Two years ago The Top 100 Canadian Albums book was reissued in soft cover, a year after the hard cover edition. As part of the promotion, I took to the road for a couple of events with ace producer and musician Daniel Lanois. His landmark album Acadie was in the book, at #20. Lanois was doing a series of shows in Atlantic Canada. For these, I served as a sort of opening act. A few hours before showtime, just after soundcheck, the public was invited to a free question and answer session, where I interviewed Lanois, and then opened the floor to inquiring minds.
At his Halifax show, well over a hundred people showed up to hear Lanois. After some banter between us, most of the hour was spent taking questions. One of the best ones from the floor had Lanois thinking: Who, he was asked, would he most like to produce? His answer was telling, and as it turns out, a prediction. Neil Young, he answered emphatically. Would it happen? Lanois said he had approached Young's manager, Elliot Roberts, and expressed his interest.
Now, two years on, it has happened. Lanois and Young met up earlier this year at Lanois' L.A. studio. It is perhaps the simplest album Young has ever made. Lanois has spoken often about his production technique, which he has built up over the years. He works in advance, and creates his famous magic, his atmospheric technique of soundscapes and effects. The idea is that the artist simply shows up, plugs in, and everything is set. Now, this has worked sometimes, but other times the artist balks. Dylan, who sees himself as his own producer, has butted heads with Lanois on the two discs they have created together, demanding his own vision. Lanois wants to be in charge. When it works, on albums such as Emmylou Harris's Wrecking Ball, the producer and the performer are perfectly agreed on the approach. It could have gone either way with someone as self-determined as Neil Young.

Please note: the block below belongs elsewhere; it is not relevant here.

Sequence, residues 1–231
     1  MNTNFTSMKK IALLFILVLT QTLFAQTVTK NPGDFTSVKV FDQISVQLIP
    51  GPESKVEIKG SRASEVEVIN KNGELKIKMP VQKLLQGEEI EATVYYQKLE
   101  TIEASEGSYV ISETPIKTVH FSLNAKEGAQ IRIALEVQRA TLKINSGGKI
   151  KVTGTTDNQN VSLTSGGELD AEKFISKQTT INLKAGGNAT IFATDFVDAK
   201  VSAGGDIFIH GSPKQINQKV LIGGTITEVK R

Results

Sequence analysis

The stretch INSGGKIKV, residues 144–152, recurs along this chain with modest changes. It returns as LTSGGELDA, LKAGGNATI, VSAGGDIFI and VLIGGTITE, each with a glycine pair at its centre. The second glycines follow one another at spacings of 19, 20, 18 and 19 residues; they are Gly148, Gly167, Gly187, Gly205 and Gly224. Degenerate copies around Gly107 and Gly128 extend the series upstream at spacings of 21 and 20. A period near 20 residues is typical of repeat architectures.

The results are now here with Le Noise. It seems the two were indeed agreed on the process. Young and Lanois came up with a unique recording style. There are no other musicians than Young, either on electric or acoustic. The other sounds come from the Lanois trickery, which is actually pretty subdued, especially on softer numbers. When Young plugs in, there are echoes, loops, atmospherics and layers, presenting him with an interesting new style: The solo electric troubadour.
It sounds like no other Young album; no Harvest country, no Crazy Horse caterwauling, no experiments in genres. It's Young raw and bare, nothing hidden.
The themes are typical, however, especially of his latter-day writing. There's quite a bit of looking back, and self-referencing. On "Love And War", Young takes us back to his Toronto days in the 60's, pre-Springfield, to tell us he was singing about those themes then, and still is. Incas are brought up again, for some reason. And there is the now-obligatory shout-out to Pegi on "Sign Of Love", another tender but cliched love song straight from the Harvest Moon tribute style. While he's not breaking too much new ground, these are at the very least good themes for him to explore, far better than an album of tributes to his Linc-Volt car, or impeaching Bush. It could mean this disc will be one people will return to more than once or twice.
I do hear echoes of the excellent On The Beach album, dark and serious songs which have remained strong decades later. Perhaps that's what Young was going for with this one. With new Neil Young albums, I've learned overtime to let it settle for awhile before passing complete judgement. Let's just say for now, on the first few listens, I'm pretty pleased with the Young-Lanois experiment. True, there's no big cut hear to grab ahold of your attention, no "Rockin' In The Free World" or "Hey Hey (My My)", but there's nothing to cringe about either. That's a good sign right there with a new Neil Young album.